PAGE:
Robotics Institute to offer new master of science degree
The Robotics Institute at Carnegie Mellon is launching a new interdisciplinary program called the master of science in robotic systems development (MRSD). In addition to training in robotics technology, students will also be exposed to hands-on practice and business and management opportunities typically not offered within a traditional robotics degree.
Primarily developed by Hagen Schempf, who will be the director of the program, the MRSD will make students more competitive to businesses and industries not only in robotics, but in any field that requires mechanical, electrical, or software expertise. Examples of students who may participate include entry-level professionals or those with five to 10 years of experience in industry, as opposed to those seeking academia or research positions through a traditional degree.
“What I wanted to make sure we offered is the ability to offer a more targeted, industry-savvy graduate that does not just know technology but is also a very knowledgeable business and management individual that would be able to contribute from day one,” Schempf said.
To ensure education equality for students in the new master’s program with Carnegie Mellon’s existing graduate degrees, requirements will be consistent. Applicants will be expected to have comparable GRE and TOEFL scores, as if they were applying to the master of science in robotics. An estimate of 20 to 40 students are expected when MRSD begins accepting applications. Those admitted will experience a 16-month curriculum of 114 units with a mandatory seven-month internship at a Carnegie Mellon commercial or government partner. It is this required internship that sets apart the MRSD from others at schools such as Worchester Polytechnic Institute and MIT. It provides the students the opportunity to test their knowledge and form connections with potential employers.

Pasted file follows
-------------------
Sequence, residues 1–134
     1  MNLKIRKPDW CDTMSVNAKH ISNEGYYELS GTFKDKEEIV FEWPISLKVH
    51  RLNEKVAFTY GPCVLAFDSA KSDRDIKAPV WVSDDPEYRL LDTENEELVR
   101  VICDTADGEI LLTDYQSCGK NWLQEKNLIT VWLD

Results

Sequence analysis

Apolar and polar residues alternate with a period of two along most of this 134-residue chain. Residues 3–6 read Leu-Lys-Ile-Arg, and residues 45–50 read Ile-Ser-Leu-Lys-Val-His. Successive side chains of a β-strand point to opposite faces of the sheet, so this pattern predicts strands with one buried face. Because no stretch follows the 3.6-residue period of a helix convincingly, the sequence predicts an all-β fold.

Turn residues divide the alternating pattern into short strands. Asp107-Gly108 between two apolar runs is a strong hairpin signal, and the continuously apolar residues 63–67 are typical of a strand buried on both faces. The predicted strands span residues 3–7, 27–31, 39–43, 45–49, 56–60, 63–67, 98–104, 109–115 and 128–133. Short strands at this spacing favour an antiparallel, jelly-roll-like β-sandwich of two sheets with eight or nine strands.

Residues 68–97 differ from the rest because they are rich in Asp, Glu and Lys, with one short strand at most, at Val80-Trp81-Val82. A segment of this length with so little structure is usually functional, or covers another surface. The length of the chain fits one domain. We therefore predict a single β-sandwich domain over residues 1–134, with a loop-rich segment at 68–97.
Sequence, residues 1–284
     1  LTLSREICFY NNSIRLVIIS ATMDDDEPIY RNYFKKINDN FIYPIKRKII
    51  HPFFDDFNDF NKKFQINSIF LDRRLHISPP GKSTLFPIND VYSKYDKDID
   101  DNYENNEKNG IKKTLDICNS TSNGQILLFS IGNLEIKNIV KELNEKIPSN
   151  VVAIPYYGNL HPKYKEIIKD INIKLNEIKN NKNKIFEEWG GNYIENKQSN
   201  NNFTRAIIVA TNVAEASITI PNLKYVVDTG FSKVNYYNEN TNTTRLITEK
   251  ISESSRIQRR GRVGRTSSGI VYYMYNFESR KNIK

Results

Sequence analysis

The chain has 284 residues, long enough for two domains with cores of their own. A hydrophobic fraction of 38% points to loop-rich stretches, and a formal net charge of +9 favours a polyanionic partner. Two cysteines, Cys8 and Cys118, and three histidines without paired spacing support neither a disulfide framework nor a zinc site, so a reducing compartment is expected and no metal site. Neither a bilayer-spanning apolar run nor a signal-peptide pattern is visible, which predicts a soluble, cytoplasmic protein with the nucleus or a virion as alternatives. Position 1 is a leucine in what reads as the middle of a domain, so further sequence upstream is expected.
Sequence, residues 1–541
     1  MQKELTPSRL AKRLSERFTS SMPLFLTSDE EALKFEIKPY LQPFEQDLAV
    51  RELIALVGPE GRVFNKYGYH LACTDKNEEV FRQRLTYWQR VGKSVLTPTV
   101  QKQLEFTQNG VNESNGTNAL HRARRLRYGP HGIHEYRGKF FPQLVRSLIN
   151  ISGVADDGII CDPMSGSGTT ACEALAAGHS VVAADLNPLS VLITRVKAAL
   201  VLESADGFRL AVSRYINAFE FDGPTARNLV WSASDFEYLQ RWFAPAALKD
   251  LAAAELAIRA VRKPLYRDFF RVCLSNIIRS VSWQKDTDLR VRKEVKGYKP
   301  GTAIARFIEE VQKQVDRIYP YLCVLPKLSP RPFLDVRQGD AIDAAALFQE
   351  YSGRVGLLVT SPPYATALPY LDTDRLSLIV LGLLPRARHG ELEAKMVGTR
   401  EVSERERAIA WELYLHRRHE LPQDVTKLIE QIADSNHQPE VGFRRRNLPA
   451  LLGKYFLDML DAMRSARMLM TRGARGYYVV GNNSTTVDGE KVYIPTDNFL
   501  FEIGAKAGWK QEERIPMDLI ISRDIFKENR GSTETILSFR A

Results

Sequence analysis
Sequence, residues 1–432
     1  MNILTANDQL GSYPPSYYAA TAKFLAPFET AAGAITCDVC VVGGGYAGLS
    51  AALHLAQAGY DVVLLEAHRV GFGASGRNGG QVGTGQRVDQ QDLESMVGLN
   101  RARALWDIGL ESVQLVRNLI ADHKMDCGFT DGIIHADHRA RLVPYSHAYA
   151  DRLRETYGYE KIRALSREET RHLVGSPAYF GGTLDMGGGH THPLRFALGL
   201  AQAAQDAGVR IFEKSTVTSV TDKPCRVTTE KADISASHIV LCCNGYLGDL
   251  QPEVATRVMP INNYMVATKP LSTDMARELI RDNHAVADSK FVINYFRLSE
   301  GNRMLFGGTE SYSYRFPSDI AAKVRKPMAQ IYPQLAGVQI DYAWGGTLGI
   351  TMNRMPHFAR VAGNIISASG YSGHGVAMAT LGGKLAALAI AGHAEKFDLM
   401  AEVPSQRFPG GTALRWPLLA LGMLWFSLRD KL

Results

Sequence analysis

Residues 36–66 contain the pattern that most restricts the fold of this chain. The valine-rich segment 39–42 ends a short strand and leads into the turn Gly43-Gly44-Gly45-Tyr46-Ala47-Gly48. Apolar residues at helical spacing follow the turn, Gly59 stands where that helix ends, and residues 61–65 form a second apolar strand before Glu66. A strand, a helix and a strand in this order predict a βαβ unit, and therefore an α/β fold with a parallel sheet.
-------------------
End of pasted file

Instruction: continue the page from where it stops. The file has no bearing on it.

“You will learn things that would take years to assimilate in an industrial setting. I don’t know of any other degree like this where we have a combination of theory of robotics as well as hands-on and a required internship with a company for whom you may possibly work,” Schempf said.
The strength of the program will draw from talented faculty in the Robotics Institute, the School of Computer Science, the Heinz College, and the Tepper School of Business. In addition to the required internship, core courses will be drawn from systems engineering; manipulation, mobility, and control; sensors and perception; and robot autonomy and networking.
Students will be required to take one business and one technical elective. One project course will involve lecture, laboratory, and team project components in current topics in robotics or automation. The other two-semester business, management, and technical mini-courses will prepare students to develop a technology development plan, or a company’s complete course of action for a new product. More details can be found on the Robotics Institute and MRSD webpages.
“By having a graduate program dedicated to training people in the multi-disciplinary, systems-oriented perspective that is the core of RI robotics, we believe that we will produce graduates that can understand the complete scope of a robotics project, from hardware to software to systems integration,” said Reid Simmons, Ph.D. chair for the Robotics Institute. “This will make them better designers, developers, and managers.”
At the completion of this degree, graduates will be prepared to use their skills in companies or to pursue their own interests and make an impact on a rapidly growing field.
“Robotics technologies are having an impact that lies beyond what people usually imagine. The businesses related to robotics are growing rapidly,” said Matthew Mason, the director of the Robotics Institute. A perfect example, he noted, is Mary Koes, an alumna who helped create new strollers with a juvenile products company called 4Moms.
Regardless of what direction its students pursue, the new MRSD degree is a groundbreaking step. “From personal experience, when I had a start-up, the kinds of individuals that we are going to be training and educating are hard to find. Many companies love to find these individuals,” Schempf said.